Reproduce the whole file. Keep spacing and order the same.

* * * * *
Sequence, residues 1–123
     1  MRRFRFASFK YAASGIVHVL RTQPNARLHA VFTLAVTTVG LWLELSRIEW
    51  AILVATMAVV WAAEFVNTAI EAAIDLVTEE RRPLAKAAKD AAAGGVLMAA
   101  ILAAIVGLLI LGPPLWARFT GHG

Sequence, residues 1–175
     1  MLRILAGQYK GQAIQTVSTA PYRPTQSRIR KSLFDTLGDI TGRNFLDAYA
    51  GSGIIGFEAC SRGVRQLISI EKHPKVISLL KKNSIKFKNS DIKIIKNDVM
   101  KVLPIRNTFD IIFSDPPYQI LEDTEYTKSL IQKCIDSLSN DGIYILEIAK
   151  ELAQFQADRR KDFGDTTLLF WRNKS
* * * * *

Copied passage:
Sequence, residues 1–123
     1  MRRFRFASFK YAASGIVHVL RTQPNARLHA VFTLAVTTVG LWLELSRIEW
    51  AILVATMAVV WAAEFVNTAI EAAIDLVTEE RRPLAKAAKD AAAGGVLMAA
   101  ILAAIVGLLI LGPPLWARFT GHG

Sequence, residues 1–175
     1  MLRILAGQYK GQAIQTVSTA PYRPTQSRIR KSLFDTLGDI TGRNFLDAYA
    51  GSGIIGFEAC SRGVRQLISI EKHPKVISLL KKNSIKFKNS DIKIIKNDVM
   101  KVLPIRNTFD IIFSDPPYQI LEDTEYTKSL IQKCIDSLSN DGIYILEIAK
   151  ELAQFQADRR KDFGDTTLLF WRNKS